Millennials Solve Corporate Needs in Home Care
The youngest members of the workforce have made ideal administrators at one in-home care provider. Millennials, born between 1980 and 2000, are quickly becoming the largest group in the workforce, making their presence in home care essential.
Millennials’ strengths with technology, social media and communications have made them successful in corporate roles at Idaho-based Assisting Hands Home Care, according to the agency’s president and CEO, Lane Kofoed.
“Millennials go right into solving problems with technology,” Kofoed told Home Health Care News. “They know how to stay in touch and how to keep our brand looking updated and fresh with social media.”
While some home health agencies have had great success in hiring millennials to caregiver roles, Kofoed has not found this to be the best fit within his company, which serves more than 99 franchised territories in 16 states across the U.S. and one Canadian province.
However, when it comes to filling positions in the corporate office, specifically technology roles, millennials have brought problem-solving skills and new ideas to the table.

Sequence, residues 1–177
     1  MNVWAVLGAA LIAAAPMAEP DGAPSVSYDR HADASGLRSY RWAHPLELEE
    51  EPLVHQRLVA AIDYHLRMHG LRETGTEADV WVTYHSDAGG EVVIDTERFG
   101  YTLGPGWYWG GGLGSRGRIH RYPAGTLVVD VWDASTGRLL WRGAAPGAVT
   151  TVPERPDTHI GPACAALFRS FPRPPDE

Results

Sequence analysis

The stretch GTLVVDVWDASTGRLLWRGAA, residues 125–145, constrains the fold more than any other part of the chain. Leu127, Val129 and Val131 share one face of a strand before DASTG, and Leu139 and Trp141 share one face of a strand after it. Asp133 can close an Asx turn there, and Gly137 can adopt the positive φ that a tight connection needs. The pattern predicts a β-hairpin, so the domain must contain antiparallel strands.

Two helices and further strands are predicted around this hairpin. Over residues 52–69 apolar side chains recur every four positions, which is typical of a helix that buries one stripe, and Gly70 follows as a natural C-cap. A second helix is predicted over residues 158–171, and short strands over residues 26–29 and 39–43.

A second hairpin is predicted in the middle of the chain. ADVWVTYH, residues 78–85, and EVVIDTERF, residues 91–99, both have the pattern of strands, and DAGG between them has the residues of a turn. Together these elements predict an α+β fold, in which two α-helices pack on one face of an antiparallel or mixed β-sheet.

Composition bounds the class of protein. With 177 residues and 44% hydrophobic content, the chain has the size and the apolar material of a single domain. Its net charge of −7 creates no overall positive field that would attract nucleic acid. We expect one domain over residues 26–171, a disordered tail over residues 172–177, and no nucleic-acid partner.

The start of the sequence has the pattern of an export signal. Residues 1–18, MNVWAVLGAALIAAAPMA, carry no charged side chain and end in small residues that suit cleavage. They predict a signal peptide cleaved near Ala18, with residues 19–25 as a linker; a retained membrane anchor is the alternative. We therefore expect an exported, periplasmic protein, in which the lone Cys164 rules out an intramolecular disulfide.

One such idea was developing a tool for the company’s website and social media pages to generate positive reviews. Having grown up in an environment where it was easy to go online and get other consumers’ opinions on products, millennials understand how positive reviews can validate and promote a company.
“The millennials in our office don’t buy things unless they read what others said about it first,” Kofoed said. “And now, millennial consumers are teaching their parents and grandparents more and more that reviews are important.”
So how does a home care company bring strong millennial candidates into its corporate offices? Kofoed says that he considers whether the potential hire has a degree, checks sources from previous jobs, and makes sure to set expectations in the interview.
Once Kofoed had a few millennials in place in his corporate office, he found that word-of-mouth hiring picked up.
“Pre-millennials, we were doing more traditional recruiting, such as through Craigslist ads,” Kofoed said. “Now, our millennial employees bring in new millennials through social interactions.”
Millennials are also good at spotting needs within the company and recommending solutions, according to Kofoed. The company has added a social media specialist and internal systems specialist recently.
“In the past, I’ve been wary of millennials and questioned whether they would be reliable,” he said. “But I have strong millennial team members now who I have promoted quickly because of the skills that they brought to the job right away.”
Written by Elizabeth Jakaitis